Node.js tips and tricks

InfoWorld | Apr 16, 2018

In this explainer video, learn several techniques that can improve your Node development experience.

Welcome to Node J S tips and tricks
Node J S is a cross-platform JavaScript runtime environment that is useful for both servers and desktop applications.
Node is a platform built on Chrome's JavaScript runtime, for easily building fast, scalable network applications. It uses an event-driven, non-blocking I O model that makes it lightweight and efficient, and perfect for data-intensive real-time applications that run across distributed devices.
Node offers many benefits, including low memory usage, good performance, and a large ecosystem of packages, currently numbering about four hundred and seventy-five thousand.
Today we’ll discuss several techniques that can improve your Node development experience.
To avoid reinventing the wheel, use existing N P M packages when they are applicable to your project.

Unfortunately, the standard site for searching N P M packages doesn’t work very well. Instead, use N P M S dot I O to screen packages for security, stability, quality, and current maintenance.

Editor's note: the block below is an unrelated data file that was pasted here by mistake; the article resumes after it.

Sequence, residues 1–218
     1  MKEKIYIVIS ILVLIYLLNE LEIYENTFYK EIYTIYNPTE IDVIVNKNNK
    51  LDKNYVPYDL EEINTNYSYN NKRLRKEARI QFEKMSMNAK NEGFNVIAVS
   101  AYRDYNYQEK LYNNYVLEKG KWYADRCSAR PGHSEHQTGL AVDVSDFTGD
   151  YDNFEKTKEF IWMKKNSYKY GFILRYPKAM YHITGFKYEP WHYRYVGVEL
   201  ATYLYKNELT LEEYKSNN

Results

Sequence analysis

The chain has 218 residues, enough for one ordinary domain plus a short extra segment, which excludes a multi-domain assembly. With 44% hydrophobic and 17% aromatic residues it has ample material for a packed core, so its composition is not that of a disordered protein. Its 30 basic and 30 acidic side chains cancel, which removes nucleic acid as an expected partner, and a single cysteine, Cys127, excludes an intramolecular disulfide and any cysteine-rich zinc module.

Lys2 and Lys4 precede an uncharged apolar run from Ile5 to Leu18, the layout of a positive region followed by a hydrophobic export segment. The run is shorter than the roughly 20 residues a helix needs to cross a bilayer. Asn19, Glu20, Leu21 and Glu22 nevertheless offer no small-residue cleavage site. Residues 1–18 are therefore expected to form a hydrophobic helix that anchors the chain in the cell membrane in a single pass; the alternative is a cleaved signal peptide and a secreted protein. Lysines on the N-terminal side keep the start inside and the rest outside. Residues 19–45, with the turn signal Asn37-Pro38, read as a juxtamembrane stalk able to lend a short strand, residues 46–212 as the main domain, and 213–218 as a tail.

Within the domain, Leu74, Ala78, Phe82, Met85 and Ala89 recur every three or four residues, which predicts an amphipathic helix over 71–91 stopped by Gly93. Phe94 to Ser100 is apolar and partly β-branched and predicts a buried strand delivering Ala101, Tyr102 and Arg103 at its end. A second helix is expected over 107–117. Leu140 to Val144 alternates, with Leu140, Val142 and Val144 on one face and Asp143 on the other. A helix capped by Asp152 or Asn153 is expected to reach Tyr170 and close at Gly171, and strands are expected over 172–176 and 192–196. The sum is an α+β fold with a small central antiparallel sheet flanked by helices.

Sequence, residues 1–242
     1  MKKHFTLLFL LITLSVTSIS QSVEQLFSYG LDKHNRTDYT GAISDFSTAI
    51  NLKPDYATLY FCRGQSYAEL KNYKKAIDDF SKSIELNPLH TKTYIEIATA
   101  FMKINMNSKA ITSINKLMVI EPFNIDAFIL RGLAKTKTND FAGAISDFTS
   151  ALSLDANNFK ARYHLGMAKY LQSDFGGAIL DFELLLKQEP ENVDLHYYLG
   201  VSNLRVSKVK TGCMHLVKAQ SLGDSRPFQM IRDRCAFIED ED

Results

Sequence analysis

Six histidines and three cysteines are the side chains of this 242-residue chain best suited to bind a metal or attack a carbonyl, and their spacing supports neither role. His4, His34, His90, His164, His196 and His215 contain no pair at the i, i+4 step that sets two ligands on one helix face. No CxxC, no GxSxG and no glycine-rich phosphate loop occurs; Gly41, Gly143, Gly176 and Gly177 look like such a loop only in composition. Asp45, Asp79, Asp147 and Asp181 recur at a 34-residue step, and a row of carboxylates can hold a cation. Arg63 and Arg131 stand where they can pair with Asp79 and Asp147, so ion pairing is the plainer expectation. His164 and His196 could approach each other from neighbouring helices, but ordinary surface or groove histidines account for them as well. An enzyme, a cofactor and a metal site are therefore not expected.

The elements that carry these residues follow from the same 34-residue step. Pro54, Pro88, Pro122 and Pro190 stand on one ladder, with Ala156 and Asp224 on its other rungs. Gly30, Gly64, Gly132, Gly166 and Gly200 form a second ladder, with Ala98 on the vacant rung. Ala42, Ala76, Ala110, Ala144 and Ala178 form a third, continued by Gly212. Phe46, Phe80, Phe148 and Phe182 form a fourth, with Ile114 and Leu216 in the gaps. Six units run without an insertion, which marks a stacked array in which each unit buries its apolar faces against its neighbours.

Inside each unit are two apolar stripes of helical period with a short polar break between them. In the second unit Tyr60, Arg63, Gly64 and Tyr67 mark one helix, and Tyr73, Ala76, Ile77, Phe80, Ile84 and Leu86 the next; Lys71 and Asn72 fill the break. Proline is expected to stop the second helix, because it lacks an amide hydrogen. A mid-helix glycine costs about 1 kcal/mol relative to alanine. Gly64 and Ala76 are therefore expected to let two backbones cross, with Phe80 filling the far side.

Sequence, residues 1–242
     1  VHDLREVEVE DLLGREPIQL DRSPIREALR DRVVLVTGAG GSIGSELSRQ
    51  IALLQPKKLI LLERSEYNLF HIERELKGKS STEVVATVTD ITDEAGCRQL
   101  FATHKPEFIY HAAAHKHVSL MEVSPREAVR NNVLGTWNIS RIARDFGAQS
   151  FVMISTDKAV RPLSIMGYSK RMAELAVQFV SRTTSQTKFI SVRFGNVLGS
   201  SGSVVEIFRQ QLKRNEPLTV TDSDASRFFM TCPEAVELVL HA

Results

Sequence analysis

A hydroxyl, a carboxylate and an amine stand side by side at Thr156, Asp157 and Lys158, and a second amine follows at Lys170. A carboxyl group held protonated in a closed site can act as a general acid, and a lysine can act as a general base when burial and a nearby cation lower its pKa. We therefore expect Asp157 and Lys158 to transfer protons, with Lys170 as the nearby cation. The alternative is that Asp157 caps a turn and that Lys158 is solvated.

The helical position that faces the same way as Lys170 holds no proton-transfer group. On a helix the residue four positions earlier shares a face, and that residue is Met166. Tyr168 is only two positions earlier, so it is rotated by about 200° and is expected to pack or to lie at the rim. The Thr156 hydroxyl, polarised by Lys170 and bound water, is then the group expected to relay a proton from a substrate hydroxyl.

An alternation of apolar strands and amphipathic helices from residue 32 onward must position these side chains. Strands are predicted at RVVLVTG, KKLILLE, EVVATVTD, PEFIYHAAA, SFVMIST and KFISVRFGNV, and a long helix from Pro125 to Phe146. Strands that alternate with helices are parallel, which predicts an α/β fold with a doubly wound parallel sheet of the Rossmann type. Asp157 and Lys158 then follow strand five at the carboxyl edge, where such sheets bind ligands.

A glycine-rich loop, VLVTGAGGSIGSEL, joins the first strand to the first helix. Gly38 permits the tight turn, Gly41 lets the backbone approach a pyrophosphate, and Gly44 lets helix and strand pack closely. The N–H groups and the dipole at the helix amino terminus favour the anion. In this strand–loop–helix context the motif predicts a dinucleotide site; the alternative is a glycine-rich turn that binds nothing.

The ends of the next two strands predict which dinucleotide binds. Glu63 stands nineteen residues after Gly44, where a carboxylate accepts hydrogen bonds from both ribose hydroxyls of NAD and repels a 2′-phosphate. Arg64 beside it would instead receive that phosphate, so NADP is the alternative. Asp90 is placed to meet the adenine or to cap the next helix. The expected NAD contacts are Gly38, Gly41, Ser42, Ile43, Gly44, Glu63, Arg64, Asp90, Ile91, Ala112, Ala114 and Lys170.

There are many curated lists of N P M packages and resources. One good list, awesome dash node j s, can be reached by browsing to node dot cool.
Simple code is less likely to have errors and more likely to be maintainable than complex code. There are no points for being clever. Some popular and useful n p m modules consist of three lines of code.
Unless you are writing CLI commands, you probably want your app to be responsive while performing longer-running operations such as reads and writes, so you should choose asynchronous code over synchronous as much as possible. After all, most Node apps are web server applications, which are inherently multi-user.
Put all your require statements at the top of the file because they are synchronous and will block the code’s execution. It’s better to block once on load than block the program randomly while it’s running.

Node Security Platform (node security dot I O) and Snyk (snick dot I O) can help you check that your code is secure and that your open source modules don’t have known vulnerabilities.
Run your production servers like cattle, not like pets. If a server goes down, you should have a process manager in place to kill it and start a new instance. Common examples include the StrongLoop process manager, P M Two, and the Forever and forever-monitor N P M packages.
The needs of a development server differ from the needs of a production server. Use nodemon (node'mon) instead of node to run your code, and your process will automatically restart when your code changes.
It’s hard to catch errors in asynchronous code unless you check every error return value in every callback. The resulting messy code is sometimes called callback hell. The N P M okay package allows you to easily bubble errors up your callback chain.
Thank you for joining us today for these 10 Node J S tips and tricks.